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Sean Miller challenges Wildcats to improve ‘stupid’ foul rate, rebounding

Arizona head coach Sean Miller speaks during the Pac-12 NCAA college basketball media day in San Francisco, Tuesday, Oct. 8, 2019. (AP Photo/D. Ross Cameron)

Arizona Wildcats men’s basketball head coach Sean Miller gave a scathing review of his team Thursday, focusing on rebounding struggles and fouling.

“We foul at almost an absurd rate,” Miller told reporters. “It’s stupid. We’re not a smart team when it comes to fouling.”

The Wildcats average 20.7 personal fouls per game, which is tied as the 299th-worst in the country. The only Pac-12 team that averages more is Utah with 21.6 through 12 games.

“We foul in the post, we foul on drives, we foul at the end of the clock, we foul 3-point shooters,” Miller said. “Some of it is the youth that we have on the court. Some of it is fundamentally we have to be better, smarter, hold people accountable more.”

That could be a precursor to a long game against ASU on Saturday. The Sun Devils commit fouls an average of 19.7 times per game, just one fewer per game than Arizona.

On Dec. 11, ASU and Prairie View combined for 56 fouls. The Sun Devils attempted 51 free throws and the Panthers had 33.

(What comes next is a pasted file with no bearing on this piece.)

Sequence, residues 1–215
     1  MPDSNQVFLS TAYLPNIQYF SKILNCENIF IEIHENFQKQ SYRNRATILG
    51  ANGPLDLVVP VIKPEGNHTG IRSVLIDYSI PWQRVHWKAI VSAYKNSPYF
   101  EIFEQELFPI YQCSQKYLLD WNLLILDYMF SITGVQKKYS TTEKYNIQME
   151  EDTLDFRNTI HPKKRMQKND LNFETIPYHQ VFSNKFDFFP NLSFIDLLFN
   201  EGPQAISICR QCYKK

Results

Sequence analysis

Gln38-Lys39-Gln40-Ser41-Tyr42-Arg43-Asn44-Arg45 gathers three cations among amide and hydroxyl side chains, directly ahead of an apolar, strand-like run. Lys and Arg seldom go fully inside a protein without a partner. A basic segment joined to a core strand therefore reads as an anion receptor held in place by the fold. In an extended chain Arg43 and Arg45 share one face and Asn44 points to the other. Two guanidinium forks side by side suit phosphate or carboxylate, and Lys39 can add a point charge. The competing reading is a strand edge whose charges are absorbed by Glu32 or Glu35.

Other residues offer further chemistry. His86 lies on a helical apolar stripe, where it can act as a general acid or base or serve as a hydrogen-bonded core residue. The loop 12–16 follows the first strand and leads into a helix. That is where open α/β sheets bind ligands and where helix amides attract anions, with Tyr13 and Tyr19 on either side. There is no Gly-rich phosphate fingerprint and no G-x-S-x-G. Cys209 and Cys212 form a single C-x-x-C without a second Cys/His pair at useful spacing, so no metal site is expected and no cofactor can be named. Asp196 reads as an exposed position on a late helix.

It sounds like Miller is issuing a challenge to his team, in particular his freshmen starters Zeke Nnaji (39 fouls, tied for most on team), Josh Green (28, third-most) and Nico Mannion (25 fouls, tied for fifth-most). Additionally, while Chase Jeter is not among the youths of the team, he has 39 fouls as well.

Miller also challenged the team on defensive rebounding.

“We have not done a good job of that. Sometimes it hurts you with key plays. You know, big second shots against your team in the second half. There is a wearing-down effect over a course of 40 minutes and we haven’t been on the winner’s side of that,” he said.

That could change against ASU. The status of primary power forward Romello White is up in the air due to a right ankle sprain. Outside White, ASU doesn’t have a dominant big man.

Meanwhile, Miller complimented Nnaji on rebounding while calling on the rest of his team to box out opponents better.

“I would say that Zeke Nnaji more than anyone has really started to improve the defensive rebounding,” Miller said. “But our guards have to rebound. Our reserves have to rebound, and the starting five’s gotta do a better job blocking out.”

The challenge: Boxing out is something anybody is able to do if they recognize the importance of it.

“Anybody can do it,” Miller said. “It’s not always fun to work on, it’s not always fun to talk about, but when you don’t defensive rebound, you foul more, you give up more back-breaking baskets that are one-foot shots … we’re subpar in that area and that has to improve.”

With those two thoughts in mind, his team will host ASU at McKale Center on Saturday at 7:30 p.m.

Catch the action at 98.7 FM Arizona’s Sports Station.


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